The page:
Blanche DuBois

         Whenever someone watches a movie, he or she tends to imagine him--or herself in one of the roles; it is one of the aspects of watching films that makes them so enjoyable. However, it is hard to think of one role I would like to play out of all the works we have viewed and read this year. I guess I will have to choose Blanche DuBois from A Streetcar Named Desire. Why? Well, there are several reasons, but I guess I shall tell you the most important ones.

         After reading A Streetcar Named Desire, I was, for lack of a better word, shocked at this literary masterpiece Tennessee Williams had written in 1947 as well as the characters he created. Williams created several characters that were different and all damaged in their own way. There is Stella, who cannot see or escape her husband's violent temper. There is Stanley, who wants everything his way; and then there is Blanche. To me Blanche in the film and Blanche in the play are different, which is one of the reasons I am attracted to that role. In the play, Blanche seems even more damaged and on the verge of insanity than in the film because the film makers edited aspects of Blanche out. In the play, Blanche tells the truth about why she comes to New Orleans as well as why her husband killed himself. However, in Elia Kazan's 1951 film version, her husband's death is barely mentioned because of his homosexuality and suicide. I think in the play, Blanche is just so conflicted and in pain.

         There are so many layers to her character that I would love to try to scratch the surface--to experience all the pain from both her past and from her surroundings. I would love to be on stage and show the audience the version of Blanche I think is best. Blanche, to me, is already mildly insane when she gets to New Orleans. In the play, Williams indicates she had a nervous breakdown, but I think it is much more than that. Just look at Blanche's conversation with her sister, Stella, when they meet for the first time. It is a brief dialogue; but within a page, Blanche demonstrates a whole range of emotions--affection, shock, modesty, and uncertainty are a few examples. Every sentence tells a story; but, to me, Vivien Leigh does not lie to me enough. Actors lie to make one believe they are the character and had lived the character's horrible experiences. Leigh does not convince me of that; maybe because whenever I see her, I think of Gone With the Wind or maybe I just picture Blanche differently. Whatever it is, I think someone else could have played Blanche better. I do not think I could have done better in that role, though. I would have been awful in every meaning of the word, but I would have like to have tried, namely because of Marlon Brando.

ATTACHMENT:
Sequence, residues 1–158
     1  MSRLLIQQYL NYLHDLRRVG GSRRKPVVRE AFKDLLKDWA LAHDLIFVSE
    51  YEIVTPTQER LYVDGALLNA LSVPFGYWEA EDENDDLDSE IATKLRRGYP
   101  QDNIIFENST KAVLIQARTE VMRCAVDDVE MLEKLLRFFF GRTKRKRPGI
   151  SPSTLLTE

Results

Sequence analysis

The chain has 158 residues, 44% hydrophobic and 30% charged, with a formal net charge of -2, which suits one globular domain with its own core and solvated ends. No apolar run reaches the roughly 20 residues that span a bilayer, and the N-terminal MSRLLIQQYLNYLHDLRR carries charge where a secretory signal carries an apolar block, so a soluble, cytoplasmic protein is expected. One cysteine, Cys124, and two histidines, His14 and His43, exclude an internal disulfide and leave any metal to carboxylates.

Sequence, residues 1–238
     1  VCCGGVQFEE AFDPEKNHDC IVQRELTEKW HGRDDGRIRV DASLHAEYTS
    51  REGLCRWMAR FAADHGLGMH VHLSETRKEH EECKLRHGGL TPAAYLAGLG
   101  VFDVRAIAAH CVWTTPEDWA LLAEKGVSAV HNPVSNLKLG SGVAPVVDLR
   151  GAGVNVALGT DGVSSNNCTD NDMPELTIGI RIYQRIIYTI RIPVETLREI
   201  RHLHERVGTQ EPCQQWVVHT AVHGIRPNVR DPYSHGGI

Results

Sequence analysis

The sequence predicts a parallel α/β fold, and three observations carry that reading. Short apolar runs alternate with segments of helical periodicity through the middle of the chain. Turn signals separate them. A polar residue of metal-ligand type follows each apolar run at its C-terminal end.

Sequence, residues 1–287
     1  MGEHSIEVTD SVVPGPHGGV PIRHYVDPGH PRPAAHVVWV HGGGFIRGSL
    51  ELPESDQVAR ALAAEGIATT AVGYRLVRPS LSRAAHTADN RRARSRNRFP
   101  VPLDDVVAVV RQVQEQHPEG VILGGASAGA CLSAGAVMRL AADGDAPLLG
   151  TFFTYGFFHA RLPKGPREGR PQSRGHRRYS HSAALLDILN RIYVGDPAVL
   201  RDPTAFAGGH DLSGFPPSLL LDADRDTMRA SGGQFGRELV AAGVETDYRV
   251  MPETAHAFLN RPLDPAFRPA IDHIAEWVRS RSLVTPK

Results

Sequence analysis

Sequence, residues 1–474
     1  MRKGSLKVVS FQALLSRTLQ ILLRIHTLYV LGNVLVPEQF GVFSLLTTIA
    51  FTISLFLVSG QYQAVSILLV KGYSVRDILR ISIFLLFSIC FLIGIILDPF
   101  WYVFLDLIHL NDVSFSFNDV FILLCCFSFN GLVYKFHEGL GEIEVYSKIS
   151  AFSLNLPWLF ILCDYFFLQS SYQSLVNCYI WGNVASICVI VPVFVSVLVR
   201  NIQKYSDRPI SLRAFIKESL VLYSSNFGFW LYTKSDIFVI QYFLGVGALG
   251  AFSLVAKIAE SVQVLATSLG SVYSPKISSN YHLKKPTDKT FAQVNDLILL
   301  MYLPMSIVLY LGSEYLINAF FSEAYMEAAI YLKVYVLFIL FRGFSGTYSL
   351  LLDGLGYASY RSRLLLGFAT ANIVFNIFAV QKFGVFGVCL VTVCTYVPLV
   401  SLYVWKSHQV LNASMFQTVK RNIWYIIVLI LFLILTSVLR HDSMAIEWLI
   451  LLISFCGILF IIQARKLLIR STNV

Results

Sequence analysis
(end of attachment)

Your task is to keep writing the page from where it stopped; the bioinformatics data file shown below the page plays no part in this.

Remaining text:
Brando, who plays Stanley, sells me that lie as well as he can. Yes, he is very attractive in the film, and every girl gasps and stares at the screen when he comes on; but there is so much more to him than sex appeal. After a few minutes of staring, we all get over the shock and are then captivated by his version of Stanley. When viewing the film, I want to be Blanche just so he can talk to me, and so that I could know what it feels like to watch something amazing. Brando makes a nasty, mean, and violent man likeable--a hard thing to do--and he masters it. So, my other reason to be Blanche, and my reason to do it in the movie version, is to act alongside Marlon Brando. The dialogue between the two characters is always interesting, but Brando takes it to another level.

         I know Brando also performed in the theatrical version, but all the other characters and the people playing them help make Brando stand out. The casting director got incredible actors to play the characters of Mitch (Karl Malden), Stella (Kim Hunter), and Eunice (Peg Hillias). Their performances alone are wonderful, but they also give Brando something to work with so that Stanley becomes exactly what Brando gives us--a likeable cad. Just watching Blanche and Stanley in the film version is electric, but in every scene Brando overshadows Leigh, which is why Streetcar is more famous and widely known for Brando's performance, not Leigh's. I would have liked to have been a part of that electricity as well as the Blanche I picture. I think if Blanche were played with a little more fragility at the beginning before diving into insanity, Leigh's performance might have matched Brando's.

         Streetcar is a wonderful play and a great movie with memorable lines, scenes, and characters. Let us face it, the scene with Stanley at the foot of the stairs, screaming for Stella has been parodied and copied thousands of times, but nothing compares to the original. There is such wonder and amazement in this story; it is violent and shocking yet tells such an interesting story that I am sure it was controversial at the time of its release. I think the main reason I would like to play Blanche is that I would love to play a woman who is controversial and thought-provoking. That is what Williams does with all his characters and plays. He wants people to think and realize that not everything is perfect or ends with a happy ending. This is the reason I think Williams' plays are still performed and studied. It is boring to play or watch an ordinary character, and Blanche is anything but ordinary. I would rather shock and be controversial than be quiet and conform, and if I want to do that, what better character to play than Blanche DuBois, "the haggard and fragile southern beauty whose pathetic last grasp at happiness is cruelly destroyed." It does not get any more real than that.

Kate Latham

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